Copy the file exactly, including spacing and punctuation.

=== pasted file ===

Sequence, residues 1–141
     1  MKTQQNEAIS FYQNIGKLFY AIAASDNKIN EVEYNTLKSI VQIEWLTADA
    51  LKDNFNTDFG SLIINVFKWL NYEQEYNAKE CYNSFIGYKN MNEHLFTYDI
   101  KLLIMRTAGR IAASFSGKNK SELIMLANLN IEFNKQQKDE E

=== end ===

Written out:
Sequence, residues 1–141
     1  MKTQQNEAIS FYQNIGKLFY AIAASDNKIN EVEYNTLKSI VQIEWLTADA
    51  LKDNFNTDFG SLIINVFKWL NYEQEYNAKE CYNSFIGYKN MNEHLFTYDI
   101  KLLIMRTAGR IAASFSGKNK SELIMLANLN IEFNKQQKDE E